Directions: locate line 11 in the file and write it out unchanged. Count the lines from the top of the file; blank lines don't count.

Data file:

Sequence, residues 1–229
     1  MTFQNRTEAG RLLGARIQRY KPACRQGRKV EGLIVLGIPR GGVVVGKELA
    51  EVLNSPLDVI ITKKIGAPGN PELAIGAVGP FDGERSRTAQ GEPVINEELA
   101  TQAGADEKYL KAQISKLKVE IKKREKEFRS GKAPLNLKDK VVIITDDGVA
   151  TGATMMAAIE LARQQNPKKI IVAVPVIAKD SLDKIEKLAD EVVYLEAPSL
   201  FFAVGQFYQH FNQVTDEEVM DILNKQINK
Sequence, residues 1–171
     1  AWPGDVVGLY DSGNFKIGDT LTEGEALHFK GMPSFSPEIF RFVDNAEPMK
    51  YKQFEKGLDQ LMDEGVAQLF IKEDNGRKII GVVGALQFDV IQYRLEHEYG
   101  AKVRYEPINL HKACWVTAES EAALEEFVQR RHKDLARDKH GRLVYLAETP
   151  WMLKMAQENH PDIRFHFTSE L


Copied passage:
   151  WMLKMAQENH PDIRFHFTSE L